Yoders is an Amish Oasis

in Southwest Ohio

Yoder’s Bakery and Furniture has established its roots in rural Adams County, Ohio’s Wheat Ridge Amish Community. This family-owned and run business was formerly Keim Family Market. It provides much of the same folks came to expect from the Keim family over the decades. But the Yoder family is already making a name for itself.

Yoders has already made lasting bonds with its customers and earned recognition for their kindness and helpfulness, which has been at 2621 Burnt Cabin Road off SR 32 in Seaman, Ohio, for decades.

Many in the area make this a routine shopping experience, but just as many make it a pilgrimage shopping experience. That is to say, they make it a memorable trip to gather furniture, bulk foods, and baked goods and relax for an extended stay, often having a deli picnic under the mature shade trees overlooking the playsets kids are trying out. The wooded hills are a gorgeous backdrop for this Amish oasis at the edge of Appalachia.

In addition to the picnic tables, folks gather along the benches and chairs sprinkled down Yoder’s two porches which seem to stretch forever. The lunch crowd is eager to taste Yoder’s fresh deli sandwiches and warm-from-the-oven baked goods. And to wash it all down is an old-fashioned cream soda. Afterward, the kids test the playsets and trampolines. Parents and grandparents watch while they talk under the majestic shade trees, browse the indoor and outdoor furniture, or walk the aisles of bulk foods, seeking ingredients not found in big box stores. It’s a place where shopping is relaxing, and the stay is extended.

This cherished destination-shopping experience is an authentic, one-of-a-kind Amish variety store and Wheat Ridge Amish community staple. A visit to Yoder’s is a throwback to a more simple and peaceful time, and it combines a unique experience with hard-to-find offerings.

Inside, visitors are treated to everything from fresh-made donuts to handmade dining tables. Feel the warmth and enjoy the aroma coming from the bakers’ ovens. Bakers are seen in plain sight rolling dough and preparing scrumptious baked goods every morning. As soon as the goodies hit the store shelves, customers grab them up to bring home …if they make it that far. The bakery is known for its donuts, fruit pies, cookies, loaves of bread, and cinnamon rolls, to name several specialties.

For those who arrive midday, there’s a full-service deli with a tasty variety of meats and cheeses to cater to any appetite. In addition, steaks are now offered as well. Look for the weekly special. It’s common to see license plates in the parking lot from counties in Ohio and Kentucky, near and far. And coolers being packed with meats and cheeses for the long ride home.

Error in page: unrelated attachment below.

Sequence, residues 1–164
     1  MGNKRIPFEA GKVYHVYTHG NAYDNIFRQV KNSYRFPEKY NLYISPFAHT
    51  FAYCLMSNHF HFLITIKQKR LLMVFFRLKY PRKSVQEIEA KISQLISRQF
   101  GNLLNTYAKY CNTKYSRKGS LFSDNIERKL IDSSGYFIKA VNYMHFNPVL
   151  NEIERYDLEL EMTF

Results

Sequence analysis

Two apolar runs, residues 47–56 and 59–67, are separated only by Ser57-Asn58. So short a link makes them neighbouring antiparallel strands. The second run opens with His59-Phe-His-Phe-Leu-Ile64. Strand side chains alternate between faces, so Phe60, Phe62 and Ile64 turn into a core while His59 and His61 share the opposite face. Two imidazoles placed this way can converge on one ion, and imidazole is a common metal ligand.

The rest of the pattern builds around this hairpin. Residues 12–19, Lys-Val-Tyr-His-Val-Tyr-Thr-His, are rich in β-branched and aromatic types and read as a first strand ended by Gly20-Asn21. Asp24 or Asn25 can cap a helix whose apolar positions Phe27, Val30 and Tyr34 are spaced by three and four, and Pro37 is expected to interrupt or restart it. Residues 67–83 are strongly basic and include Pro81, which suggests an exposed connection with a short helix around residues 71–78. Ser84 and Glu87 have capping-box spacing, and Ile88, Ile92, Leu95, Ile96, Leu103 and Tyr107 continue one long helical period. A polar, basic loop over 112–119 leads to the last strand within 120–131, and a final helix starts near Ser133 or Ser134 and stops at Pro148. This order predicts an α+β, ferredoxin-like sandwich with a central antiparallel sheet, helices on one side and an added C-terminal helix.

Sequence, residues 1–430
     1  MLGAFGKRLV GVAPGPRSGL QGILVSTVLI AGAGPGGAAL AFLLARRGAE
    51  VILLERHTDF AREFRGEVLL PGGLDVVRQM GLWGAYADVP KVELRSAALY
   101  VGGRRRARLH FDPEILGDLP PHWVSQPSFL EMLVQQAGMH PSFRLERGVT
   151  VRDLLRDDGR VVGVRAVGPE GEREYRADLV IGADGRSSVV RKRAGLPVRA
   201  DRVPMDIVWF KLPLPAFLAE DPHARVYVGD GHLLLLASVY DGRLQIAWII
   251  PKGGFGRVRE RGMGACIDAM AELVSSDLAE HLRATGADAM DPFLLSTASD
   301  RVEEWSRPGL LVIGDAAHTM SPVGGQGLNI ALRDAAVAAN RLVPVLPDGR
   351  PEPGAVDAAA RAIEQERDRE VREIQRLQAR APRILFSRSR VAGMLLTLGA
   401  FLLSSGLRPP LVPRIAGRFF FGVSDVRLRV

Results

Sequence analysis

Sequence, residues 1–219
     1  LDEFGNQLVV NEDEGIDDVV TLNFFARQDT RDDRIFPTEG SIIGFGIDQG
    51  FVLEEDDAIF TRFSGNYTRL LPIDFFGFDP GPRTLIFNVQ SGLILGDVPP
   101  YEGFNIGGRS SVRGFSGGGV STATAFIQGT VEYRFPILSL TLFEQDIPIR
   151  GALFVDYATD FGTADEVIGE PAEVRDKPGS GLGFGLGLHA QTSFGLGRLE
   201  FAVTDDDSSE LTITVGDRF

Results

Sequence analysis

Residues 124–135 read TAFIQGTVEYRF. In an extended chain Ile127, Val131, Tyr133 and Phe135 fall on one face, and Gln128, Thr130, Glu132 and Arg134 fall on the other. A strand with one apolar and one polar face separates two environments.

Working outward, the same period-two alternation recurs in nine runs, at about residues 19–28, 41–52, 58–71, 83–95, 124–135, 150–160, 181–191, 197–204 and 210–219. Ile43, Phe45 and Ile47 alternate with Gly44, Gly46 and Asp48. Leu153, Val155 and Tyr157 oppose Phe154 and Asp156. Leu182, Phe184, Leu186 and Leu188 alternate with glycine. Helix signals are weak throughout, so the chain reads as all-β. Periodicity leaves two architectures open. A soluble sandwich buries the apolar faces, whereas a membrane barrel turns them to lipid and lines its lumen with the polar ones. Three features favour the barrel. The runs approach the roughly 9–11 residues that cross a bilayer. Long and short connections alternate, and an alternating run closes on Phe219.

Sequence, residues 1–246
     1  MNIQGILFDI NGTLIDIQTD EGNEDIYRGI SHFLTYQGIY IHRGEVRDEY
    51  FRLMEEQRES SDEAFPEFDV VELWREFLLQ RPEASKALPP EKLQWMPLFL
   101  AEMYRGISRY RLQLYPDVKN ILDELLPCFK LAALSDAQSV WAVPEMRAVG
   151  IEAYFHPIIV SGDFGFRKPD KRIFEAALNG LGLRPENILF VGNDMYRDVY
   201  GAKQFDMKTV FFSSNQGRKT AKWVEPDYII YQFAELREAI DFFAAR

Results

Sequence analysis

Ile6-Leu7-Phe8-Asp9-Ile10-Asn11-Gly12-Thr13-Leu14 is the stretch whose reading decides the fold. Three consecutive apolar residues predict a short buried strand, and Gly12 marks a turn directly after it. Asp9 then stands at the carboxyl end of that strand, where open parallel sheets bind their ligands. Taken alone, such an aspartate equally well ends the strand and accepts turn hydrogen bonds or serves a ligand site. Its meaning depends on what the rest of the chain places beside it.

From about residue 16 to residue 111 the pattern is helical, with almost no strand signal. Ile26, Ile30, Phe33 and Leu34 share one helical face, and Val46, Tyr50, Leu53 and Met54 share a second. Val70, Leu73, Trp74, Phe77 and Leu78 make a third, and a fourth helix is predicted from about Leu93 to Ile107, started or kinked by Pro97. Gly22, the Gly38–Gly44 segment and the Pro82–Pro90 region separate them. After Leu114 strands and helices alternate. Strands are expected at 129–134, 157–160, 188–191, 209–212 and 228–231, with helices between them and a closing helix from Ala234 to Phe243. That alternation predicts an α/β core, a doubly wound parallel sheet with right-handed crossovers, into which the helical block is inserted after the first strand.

The chef in the family will enjoy a trip to Yoder’s to tackle that list of unique ingredients needed for those cherished recipes. There are aisles of hard-to-find goods with the Yoder label. In addition, traditional tin cookie cutters come in all sorts of shapes and sizes. Yoder’s jams and jellies, flour, and so much more fill the shelves with old-time candies and a great selection of sugar-free foods. A camping favorite is popcorn you can pop over the fire pit.

The rustic warm store also has a wonderful selection of odds and ends, from nostalgic wood toys, gorgeous wicker baskets, Amish-made quilts, and scented candles. They also carry the ever-popular choices of Christian wall hangings by P. Graham Dunn.

The indoor furniture selection fills the final third of the main store. If a child needs a new computer desk, look no further. If Dad needs an easy chair, you’ll find it here. And if mom wants a dining set like no other, this is the place. Yoder’s also has stools, benches, hutches, gliders, bedroom sets, and more. Whatever is bought here is not likely to be purchased anywhere else.  And if a new gazebo, shed, or patio set is needed, Yoder’s can deliver it.

Yoder’s Bakery and Furniture is open Monday – Saturday (Closed on Sunday). Call 937-386-9995, visit their Facebook page or website to plan your pilgrimage to a lesser-traveled Amish country.

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